Among the things that intrigued me the most, amongst all that I read about her was the little-known fact that Earhart and her fiancé, George Putnam had what we might term in the modern world, a pre-nup. Putnam, a publisher, who was divorced, had proposed marriage to Earhart six times before she consented. Earhart married late. She was 33 as a bride in an era when the average age of a new bride was 21.
She was worried that marriage would clip her wings, metaphorically as well as practically. She told a friend in a letter,
“I am still unsold on marriage . . . I may not ever be able to see [it] except as a cage until I am unfit to work or fly or be active.”
She wrote a worried little note to Putnam, in which she laid down the parameters within which she would agree to be part of this marriage. These included an open marriage, and an escape clause. The letter was discovered years later in the Purdue University where, Earhart was a professor, which had a number of her papers.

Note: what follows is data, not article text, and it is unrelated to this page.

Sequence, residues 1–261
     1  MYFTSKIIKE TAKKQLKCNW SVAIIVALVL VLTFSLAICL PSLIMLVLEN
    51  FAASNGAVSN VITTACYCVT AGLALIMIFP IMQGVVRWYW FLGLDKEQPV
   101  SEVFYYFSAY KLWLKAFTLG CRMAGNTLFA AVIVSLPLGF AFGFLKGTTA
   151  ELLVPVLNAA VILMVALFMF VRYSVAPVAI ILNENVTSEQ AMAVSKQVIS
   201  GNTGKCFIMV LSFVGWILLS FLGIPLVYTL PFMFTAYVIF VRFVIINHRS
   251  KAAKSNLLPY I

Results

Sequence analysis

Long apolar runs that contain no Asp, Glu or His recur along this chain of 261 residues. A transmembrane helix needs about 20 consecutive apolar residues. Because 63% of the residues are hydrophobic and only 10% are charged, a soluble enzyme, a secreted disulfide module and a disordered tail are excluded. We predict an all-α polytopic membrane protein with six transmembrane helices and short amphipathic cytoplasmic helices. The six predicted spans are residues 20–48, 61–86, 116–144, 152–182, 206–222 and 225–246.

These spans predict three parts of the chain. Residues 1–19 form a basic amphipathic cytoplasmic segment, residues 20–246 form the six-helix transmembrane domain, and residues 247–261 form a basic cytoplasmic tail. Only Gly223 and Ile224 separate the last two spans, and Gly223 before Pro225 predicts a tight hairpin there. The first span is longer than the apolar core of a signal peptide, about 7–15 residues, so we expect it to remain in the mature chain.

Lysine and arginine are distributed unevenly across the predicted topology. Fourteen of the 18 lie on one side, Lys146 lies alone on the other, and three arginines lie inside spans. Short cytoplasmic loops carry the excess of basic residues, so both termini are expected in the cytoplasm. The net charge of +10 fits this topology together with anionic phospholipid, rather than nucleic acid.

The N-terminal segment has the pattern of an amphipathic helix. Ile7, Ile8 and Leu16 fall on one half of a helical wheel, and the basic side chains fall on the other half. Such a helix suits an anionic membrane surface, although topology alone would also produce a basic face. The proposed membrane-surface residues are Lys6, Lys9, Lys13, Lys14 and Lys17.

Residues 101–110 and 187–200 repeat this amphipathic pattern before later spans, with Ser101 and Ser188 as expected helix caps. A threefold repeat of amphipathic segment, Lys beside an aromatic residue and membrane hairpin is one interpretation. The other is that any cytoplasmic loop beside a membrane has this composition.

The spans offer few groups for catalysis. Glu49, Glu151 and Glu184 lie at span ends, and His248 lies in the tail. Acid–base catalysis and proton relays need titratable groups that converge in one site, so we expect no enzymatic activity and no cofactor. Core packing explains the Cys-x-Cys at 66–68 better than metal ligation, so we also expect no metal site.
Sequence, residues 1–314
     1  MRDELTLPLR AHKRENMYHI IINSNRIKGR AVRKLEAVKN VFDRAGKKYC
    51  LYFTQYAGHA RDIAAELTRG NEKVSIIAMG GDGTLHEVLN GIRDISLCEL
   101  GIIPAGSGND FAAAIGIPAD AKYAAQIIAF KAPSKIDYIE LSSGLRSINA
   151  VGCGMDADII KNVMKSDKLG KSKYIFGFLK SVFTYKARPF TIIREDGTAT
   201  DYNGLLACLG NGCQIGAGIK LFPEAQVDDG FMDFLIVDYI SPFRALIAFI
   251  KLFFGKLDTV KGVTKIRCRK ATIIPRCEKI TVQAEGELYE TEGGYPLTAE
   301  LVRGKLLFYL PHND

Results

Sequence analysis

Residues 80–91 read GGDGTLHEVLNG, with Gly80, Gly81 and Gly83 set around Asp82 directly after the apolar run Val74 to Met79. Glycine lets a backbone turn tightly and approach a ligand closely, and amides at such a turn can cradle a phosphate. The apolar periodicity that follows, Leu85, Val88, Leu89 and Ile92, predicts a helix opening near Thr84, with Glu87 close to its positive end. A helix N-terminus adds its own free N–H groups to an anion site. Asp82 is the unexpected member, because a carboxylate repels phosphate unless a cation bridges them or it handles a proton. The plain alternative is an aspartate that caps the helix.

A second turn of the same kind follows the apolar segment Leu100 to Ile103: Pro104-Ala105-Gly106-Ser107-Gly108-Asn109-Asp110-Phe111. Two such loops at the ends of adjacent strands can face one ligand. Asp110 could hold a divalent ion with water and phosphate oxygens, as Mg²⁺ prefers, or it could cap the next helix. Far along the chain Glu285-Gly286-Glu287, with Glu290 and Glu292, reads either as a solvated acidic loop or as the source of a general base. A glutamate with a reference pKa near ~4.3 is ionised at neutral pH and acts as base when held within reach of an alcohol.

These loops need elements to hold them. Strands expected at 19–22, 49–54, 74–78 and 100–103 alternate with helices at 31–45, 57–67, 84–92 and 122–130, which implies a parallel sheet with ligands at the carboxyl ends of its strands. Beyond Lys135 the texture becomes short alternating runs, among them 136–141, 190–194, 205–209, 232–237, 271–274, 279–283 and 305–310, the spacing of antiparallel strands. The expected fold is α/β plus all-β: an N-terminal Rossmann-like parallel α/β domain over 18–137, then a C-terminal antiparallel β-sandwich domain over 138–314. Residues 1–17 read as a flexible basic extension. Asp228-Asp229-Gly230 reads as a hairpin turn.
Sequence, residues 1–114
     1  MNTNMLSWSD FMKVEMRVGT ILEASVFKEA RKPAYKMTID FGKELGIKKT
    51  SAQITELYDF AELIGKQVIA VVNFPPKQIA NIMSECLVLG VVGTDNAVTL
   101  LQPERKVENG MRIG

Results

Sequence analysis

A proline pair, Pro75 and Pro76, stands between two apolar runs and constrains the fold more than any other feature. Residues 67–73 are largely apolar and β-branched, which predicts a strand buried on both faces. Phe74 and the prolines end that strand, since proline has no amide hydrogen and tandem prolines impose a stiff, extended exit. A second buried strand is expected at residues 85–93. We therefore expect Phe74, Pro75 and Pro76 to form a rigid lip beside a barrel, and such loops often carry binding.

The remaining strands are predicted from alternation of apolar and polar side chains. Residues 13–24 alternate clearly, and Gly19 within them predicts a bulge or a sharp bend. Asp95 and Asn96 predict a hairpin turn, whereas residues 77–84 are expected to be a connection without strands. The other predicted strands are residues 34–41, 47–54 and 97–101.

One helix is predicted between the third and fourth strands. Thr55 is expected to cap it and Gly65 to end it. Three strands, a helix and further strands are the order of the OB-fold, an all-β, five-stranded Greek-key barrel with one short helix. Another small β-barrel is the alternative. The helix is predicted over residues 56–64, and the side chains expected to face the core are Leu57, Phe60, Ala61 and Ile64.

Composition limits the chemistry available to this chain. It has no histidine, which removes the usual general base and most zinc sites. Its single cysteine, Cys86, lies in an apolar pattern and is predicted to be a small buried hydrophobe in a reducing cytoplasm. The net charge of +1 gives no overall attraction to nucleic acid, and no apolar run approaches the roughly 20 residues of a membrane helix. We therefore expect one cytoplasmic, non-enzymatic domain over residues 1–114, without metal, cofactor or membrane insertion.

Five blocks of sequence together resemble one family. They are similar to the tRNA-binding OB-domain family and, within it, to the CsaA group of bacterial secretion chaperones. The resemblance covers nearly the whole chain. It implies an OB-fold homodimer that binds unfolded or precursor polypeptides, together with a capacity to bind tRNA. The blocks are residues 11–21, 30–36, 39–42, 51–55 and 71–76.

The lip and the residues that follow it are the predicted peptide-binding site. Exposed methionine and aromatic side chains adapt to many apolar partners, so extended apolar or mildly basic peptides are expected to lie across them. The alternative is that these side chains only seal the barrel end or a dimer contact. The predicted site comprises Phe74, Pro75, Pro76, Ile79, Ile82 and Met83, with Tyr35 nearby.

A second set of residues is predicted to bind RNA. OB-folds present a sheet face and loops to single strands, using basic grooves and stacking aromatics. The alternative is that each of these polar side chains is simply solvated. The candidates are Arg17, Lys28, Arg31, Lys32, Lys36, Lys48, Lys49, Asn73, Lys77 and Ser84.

She wrote, ‘I may have to keep some place where I can go to be myself, now and then, for I cannot guarantee to endure at all times the confinement of even an attractive cage.’ She would not under any circumstances give up flying and wrote, “Please let us not interfere with the others’ work or play.” A statement that was generous of the other, and demanded the same generosity of spirit back.
Read the entire article here